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    As an aficionado of antique equipment I'd like to offer an explanation as to the attraction of these dinosaurs, but first let's talk about modern radios.

    They are wonderful, no doubt. Out of the box they do things that are not only beyond the realm of possibility for the older stuff, they do things that we couldn't even dream of modifying those oldies to do. I mean seriously, if you had told me back in '77 that a CB radio would have full band coverage and all mode operation with little more than a very simple mod I would have said you were insane. FM? CW? Built -in frequency displays? Echo and talkback? Variable RF power? What sorcery is this?

    Back to the oldies: I like them because it's a blast trying to make them do things they were never designed to do. We old-timers remember the external crystal boxes and VFOs that were needed to operate out-of-band. Back in the day if you had a 15 kc slider you were the sh!t. Does anyone even know what an 'A' channel is any longer?

    Another reason many of us like the old gear has less to do with performance and modifications and more to do with aesthetics. Quite simply the old radios had style. Every modern base or mobile seems to look the same regardless of manufacturer, or more correctly brand name on the box. IMO they are too sterile. If a radio can have a soul then I just don't see it in the new stuff.

    Additionally the old stuff was built like the proverbial tank. By the late 70s Japan was at the peak of their game when it came to building anything electronic and it was reflected in the product. Pick up an old 23 channel anything and it will have some serious heft to it. I've had a lot of old radios and never recall seeing a board crack or a cold solder joint unless the thing was dropped or suffered some other type of trauma.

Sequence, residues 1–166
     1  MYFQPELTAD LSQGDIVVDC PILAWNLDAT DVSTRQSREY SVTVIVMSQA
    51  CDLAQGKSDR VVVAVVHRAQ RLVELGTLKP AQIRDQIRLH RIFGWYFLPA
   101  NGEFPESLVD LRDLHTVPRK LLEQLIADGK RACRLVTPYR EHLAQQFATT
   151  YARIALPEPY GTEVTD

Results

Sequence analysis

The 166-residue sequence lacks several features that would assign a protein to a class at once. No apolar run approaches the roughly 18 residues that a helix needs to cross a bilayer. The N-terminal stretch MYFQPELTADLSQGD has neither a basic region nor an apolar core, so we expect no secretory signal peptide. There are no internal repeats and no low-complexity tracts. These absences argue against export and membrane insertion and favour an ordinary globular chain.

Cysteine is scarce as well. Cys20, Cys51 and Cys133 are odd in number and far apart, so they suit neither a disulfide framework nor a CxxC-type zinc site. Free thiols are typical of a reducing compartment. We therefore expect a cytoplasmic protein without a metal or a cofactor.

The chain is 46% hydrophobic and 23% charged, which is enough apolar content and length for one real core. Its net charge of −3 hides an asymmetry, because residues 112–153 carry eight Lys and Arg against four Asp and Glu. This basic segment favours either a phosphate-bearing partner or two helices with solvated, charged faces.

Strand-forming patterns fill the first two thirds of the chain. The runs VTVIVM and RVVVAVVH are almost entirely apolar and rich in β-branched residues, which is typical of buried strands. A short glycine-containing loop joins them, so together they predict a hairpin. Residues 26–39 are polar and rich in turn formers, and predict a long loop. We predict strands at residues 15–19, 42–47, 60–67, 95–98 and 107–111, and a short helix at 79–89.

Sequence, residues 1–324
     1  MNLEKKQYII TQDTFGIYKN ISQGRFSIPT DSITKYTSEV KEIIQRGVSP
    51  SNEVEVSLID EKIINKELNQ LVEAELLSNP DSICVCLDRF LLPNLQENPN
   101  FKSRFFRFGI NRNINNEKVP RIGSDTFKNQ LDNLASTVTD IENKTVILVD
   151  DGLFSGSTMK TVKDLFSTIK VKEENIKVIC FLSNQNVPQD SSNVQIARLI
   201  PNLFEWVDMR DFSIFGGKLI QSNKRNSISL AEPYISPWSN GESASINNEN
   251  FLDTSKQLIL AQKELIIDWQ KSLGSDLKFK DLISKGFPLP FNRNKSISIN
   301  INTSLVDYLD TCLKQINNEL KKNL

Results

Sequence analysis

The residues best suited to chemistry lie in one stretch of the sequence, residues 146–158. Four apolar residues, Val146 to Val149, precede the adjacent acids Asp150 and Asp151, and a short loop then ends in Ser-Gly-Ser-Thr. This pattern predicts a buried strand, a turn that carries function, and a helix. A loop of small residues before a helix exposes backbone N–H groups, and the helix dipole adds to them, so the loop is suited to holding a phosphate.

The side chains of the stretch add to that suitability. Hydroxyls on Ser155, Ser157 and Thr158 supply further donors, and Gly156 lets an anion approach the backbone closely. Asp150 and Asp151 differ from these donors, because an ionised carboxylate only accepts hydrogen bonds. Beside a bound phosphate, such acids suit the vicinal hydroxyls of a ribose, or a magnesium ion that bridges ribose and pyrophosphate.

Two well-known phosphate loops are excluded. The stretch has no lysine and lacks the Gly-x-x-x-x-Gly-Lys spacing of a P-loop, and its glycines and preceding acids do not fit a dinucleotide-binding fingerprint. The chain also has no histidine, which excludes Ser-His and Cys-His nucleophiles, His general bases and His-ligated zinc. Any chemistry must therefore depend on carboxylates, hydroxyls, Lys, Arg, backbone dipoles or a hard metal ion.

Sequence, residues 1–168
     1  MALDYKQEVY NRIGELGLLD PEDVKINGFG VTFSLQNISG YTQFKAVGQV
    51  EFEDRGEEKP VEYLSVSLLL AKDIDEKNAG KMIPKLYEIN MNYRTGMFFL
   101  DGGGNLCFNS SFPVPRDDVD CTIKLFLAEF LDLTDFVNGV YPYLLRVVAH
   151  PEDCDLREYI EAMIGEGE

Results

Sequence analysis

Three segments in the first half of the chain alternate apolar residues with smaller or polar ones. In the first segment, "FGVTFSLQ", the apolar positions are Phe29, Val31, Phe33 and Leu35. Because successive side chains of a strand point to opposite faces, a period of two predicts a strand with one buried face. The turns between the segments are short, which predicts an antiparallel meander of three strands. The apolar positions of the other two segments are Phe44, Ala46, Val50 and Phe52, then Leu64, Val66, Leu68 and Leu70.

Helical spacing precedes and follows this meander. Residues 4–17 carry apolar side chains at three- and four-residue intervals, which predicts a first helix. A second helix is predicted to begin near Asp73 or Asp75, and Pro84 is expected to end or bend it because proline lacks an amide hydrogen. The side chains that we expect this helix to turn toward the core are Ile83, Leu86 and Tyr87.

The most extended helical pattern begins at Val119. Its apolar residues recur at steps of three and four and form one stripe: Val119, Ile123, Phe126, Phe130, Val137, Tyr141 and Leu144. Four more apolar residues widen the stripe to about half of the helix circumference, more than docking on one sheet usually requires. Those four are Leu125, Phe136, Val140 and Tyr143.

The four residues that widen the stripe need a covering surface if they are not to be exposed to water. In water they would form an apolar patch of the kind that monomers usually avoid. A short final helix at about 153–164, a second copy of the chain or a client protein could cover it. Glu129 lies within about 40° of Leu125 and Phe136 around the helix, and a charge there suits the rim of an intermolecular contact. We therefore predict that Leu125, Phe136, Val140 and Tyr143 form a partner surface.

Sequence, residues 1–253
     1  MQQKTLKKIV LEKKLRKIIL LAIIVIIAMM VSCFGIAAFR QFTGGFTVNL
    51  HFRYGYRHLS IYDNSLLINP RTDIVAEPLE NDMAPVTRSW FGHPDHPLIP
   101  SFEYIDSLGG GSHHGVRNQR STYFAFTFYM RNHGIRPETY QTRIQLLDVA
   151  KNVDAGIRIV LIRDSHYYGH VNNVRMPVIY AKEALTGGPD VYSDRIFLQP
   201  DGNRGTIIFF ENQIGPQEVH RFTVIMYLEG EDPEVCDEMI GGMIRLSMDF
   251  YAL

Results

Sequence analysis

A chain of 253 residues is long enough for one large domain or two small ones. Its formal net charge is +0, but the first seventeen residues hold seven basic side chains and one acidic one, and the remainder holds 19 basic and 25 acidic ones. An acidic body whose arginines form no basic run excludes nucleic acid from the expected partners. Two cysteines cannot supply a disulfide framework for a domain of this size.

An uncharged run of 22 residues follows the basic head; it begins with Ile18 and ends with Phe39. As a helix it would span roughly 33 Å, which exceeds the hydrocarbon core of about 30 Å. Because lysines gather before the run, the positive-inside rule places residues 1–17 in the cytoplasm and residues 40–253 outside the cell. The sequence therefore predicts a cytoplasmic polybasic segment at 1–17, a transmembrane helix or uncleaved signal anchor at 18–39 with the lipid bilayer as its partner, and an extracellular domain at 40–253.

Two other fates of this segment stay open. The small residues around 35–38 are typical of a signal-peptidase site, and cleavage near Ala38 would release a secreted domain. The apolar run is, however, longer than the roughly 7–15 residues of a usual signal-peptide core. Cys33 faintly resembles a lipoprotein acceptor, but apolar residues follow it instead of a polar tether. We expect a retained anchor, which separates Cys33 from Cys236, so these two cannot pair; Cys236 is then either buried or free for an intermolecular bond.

There are quite a few of us out here running old gear. I just got my old 135 Cobra and VFO back from the shop and it's running better than ever after it's first tune -up since it was new back in '76

    Sure it would be nice to have all the new bells and whistles, and there is room in my shack for a Galaxy or Connex, but my everyday rigs are always going to be the older stuff. It's what I'm familiar with and comfortable operating. Plus, unless it's something exotic like a Stoner, CPI or ARF they can be had really, really cheap. Just try not to get one that's been all hacked up. Then, as now there were a lot of wrong ways to modify a radio but only a few right ways.

    I Know of a tech that is very good with vintage gear if anyone is interested.

    BTW, while the 135 was out I put my JC Penny 23 channel Pinto mobile on the air. With a decent mic they talk pretty well, or so people were telling me.
     
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    Last edited: Aug 26, 2011
  11. Tucker442

    Tucker442 Active Member

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    Thanks Atlasta I just thought it was me, for some reason my old Lafayette seem to just work well, on SSB no drift on AM everybody hears me not that the new stuff doesn't do that but the old stuff just seems to work as good for a very long time without any fiddling, I've got a Johnson 4740 SSB mobile that I use for a base, always get great audio reports, some guys say it is the best sounding radio I own and there sure are a ton of them here no doubt. Maybe the oldies don't talk as well when freebanding but really whats the difference, if someones on 555 that I want to talk to I just flip a switch and turn on an Omega Force and I'm good to go